Friedrich Nietzsche wrote: “God is dead. God remains dead. And we have killed him. How shall we comfort ourselves, the murderers of all murderers? What was holiest and mightiest of all that the world has yet owned has bled to death under our knives: who will wipe this blood off us? What water is there for us to clean ourselves? What festivals of atonement, what sacred games shall we have to invent? Is not the greatness of this deed too great for us? Must we ourselves not become gods simply to appear worthy of it?”
Many readers of that famous quote have interpreted a note of triumph in Nietzsche’s declaration of the death of God. But I don’t think this is the case.
Rather, Nietzsche was predicting the natural consequences of the Enlightenment. The deification of the senses and reason would put an end to the need for God. Materialism and humanism would replace sacred revelation. Then, once God was gone, we humans could take his throne.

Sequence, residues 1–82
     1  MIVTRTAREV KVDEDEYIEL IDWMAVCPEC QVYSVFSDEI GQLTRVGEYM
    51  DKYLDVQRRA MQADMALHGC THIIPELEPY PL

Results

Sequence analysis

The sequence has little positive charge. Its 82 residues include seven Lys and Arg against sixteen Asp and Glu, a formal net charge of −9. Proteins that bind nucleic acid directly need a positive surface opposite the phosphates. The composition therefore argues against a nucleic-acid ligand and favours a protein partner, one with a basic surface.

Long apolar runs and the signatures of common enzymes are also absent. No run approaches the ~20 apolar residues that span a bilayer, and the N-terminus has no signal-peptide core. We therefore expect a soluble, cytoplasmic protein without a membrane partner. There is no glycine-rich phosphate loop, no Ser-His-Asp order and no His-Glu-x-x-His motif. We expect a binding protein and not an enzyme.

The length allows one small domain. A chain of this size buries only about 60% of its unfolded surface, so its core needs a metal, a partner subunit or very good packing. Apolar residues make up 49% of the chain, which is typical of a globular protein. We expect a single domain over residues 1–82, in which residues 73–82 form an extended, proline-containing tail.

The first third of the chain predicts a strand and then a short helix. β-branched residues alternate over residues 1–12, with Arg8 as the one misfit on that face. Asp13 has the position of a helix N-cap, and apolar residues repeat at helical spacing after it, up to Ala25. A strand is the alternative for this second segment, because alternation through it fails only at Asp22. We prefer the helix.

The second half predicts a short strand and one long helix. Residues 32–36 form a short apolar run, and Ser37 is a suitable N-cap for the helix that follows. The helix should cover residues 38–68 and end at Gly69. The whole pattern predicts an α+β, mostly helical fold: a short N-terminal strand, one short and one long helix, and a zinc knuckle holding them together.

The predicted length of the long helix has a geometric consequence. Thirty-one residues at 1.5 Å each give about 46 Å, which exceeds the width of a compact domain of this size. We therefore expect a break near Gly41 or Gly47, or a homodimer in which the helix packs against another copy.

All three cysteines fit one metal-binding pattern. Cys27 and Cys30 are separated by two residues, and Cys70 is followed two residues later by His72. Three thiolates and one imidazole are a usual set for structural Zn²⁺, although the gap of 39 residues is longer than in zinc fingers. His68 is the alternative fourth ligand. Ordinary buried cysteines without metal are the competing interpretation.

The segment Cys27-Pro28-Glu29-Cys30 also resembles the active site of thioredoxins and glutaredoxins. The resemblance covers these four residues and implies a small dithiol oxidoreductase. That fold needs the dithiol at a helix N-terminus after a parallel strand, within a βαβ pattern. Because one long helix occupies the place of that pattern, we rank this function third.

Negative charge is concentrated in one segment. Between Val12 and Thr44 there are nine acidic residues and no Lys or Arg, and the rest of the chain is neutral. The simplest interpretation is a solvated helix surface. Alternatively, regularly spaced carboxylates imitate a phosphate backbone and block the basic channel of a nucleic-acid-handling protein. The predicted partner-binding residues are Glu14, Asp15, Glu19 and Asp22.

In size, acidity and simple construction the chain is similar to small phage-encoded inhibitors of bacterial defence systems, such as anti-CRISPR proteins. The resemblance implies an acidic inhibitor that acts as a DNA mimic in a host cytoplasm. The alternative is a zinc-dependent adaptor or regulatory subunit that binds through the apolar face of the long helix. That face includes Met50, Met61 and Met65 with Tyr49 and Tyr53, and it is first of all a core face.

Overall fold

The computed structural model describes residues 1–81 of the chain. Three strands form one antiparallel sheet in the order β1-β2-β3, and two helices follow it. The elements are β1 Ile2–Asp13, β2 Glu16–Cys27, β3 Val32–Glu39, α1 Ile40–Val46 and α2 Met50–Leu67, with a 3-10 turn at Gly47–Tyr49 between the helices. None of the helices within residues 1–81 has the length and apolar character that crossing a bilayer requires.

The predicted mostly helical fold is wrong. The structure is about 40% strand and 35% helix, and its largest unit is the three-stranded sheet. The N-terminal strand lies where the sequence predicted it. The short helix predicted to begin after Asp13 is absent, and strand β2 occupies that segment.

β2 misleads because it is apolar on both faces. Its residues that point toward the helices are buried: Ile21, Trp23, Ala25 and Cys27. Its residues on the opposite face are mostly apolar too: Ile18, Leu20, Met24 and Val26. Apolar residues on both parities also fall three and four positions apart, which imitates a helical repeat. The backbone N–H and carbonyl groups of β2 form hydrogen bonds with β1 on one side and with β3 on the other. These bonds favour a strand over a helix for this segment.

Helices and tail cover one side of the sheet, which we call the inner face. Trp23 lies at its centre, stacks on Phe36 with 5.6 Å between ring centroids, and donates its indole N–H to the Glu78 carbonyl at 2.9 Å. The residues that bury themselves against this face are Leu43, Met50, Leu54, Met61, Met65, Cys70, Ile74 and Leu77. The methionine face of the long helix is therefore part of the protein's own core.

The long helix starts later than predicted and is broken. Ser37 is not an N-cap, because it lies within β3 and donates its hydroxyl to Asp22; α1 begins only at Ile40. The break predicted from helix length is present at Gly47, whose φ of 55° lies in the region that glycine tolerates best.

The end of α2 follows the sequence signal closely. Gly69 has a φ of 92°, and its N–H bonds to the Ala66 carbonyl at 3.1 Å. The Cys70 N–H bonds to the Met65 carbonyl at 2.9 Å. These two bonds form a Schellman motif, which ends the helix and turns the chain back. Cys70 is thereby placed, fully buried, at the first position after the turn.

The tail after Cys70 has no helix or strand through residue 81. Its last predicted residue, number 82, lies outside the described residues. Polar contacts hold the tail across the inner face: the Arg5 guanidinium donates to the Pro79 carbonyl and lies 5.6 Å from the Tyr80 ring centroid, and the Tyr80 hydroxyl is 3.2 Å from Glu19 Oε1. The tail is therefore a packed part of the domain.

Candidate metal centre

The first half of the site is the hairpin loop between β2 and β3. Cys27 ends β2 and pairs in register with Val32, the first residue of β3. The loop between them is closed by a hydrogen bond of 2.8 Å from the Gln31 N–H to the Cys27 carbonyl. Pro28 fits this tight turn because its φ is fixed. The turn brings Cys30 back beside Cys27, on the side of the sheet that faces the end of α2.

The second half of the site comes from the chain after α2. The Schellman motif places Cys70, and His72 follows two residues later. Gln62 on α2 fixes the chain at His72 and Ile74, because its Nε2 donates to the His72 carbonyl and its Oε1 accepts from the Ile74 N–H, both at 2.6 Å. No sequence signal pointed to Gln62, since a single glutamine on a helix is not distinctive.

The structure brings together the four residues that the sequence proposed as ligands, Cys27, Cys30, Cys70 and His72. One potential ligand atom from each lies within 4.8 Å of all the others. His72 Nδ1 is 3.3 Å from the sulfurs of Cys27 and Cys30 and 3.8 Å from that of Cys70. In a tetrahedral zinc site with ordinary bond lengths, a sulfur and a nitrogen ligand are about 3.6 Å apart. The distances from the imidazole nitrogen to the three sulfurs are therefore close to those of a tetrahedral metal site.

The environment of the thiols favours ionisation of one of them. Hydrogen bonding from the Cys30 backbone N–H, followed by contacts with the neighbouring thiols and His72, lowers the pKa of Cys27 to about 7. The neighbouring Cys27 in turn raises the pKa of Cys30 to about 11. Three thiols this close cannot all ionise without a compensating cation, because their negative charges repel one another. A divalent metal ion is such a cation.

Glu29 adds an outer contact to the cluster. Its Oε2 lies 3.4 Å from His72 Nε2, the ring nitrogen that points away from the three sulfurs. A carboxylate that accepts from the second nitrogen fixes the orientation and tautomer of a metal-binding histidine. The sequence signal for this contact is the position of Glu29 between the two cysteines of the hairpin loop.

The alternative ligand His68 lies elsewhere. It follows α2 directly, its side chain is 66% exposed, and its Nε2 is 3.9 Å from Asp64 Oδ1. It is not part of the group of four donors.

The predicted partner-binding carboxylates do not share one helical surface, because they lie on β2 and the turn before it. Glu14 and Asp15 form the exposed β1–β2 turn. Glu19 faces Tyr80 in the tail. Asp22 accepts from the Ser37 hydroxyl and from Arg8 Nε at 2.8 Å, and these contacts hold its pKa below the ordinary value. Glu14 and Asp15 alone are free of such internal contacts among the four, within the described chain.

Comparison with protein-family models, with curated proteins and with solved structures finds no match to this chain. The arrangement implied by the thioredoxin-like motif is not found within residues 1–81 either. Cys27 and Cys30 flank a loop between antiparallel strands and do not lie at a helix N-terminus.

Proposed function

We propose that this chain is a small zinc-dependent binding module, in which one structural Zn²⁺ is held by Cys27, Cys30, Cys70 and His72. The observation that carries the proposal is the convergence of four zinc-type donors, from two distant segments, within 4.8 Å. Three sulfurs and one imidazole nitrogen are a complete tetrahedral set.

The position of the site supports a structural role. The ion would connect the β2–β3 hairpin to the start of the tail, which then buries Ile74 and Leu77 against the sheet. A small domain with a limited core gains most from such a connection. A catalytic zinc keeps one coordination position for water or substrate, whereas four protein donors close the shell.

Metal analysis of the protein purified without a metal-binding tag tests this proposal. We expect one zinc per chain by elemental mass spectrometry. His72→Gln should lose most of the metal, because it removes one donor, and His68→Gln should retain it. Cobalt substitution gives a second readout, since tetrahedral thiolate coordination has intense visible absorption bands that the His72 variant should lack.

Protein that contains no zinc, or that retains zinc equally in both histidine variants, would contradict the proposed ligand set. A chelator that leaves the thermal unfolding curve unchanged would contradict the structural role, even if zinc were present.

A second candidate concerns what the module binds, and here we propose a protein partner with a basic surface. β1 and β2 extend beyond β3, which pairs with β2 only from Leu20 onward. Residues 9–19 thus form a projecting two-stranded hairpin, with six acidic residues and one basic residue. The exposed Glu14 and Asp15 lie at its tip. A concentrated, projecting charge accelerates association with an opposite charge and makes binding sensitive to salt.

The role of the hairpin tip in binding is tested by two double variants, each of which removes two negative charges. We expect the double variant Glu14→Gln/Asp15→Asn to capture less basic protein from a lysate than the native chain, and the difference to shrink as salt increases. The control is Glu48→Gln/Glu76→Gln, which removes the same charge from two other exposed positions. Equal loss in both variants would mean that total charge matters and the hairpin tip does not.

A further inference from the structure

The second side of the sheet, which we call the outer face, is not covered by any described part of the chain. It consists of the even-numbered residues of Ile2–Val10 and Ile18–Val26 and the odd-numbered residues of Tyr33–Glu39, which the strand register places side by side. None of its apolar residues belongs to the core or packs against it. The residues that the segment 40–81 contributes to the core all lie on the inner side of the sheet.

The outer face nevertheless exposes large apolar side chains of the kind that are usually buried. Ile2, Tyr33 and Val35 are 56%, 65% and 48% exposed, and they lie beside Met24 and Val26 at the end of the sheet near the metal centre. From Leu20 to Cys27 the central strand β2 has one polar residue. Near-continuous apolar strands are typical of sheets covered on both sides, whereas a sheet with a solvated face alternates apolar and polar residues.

The idea wasn’t new to German philosophers of the 19th century. Paul wrote in the first century: “For although they knew God, they neither glorified him as God nor gave thanks to him, but their thinking became futile and their foolish hearts were darkened. Although they claimed to be wise, they became fools and exchanged the glory of the immortal God for images made to look like mortal man and birds and animals and reptiles.” (Romans 1:21–23)
Nature abhors a vacuum. If there is an empty spot, it will be filled. When God “dies,” whether in a human soul or in a nation, someone or something else will take His place. This nihilism – the rejection of religious and moral principles and the idea that life is meaningless – is simply the logical outcome of “killing God.”
We are seeing history repeat itself today.
I’m praying that God is alive and well in you!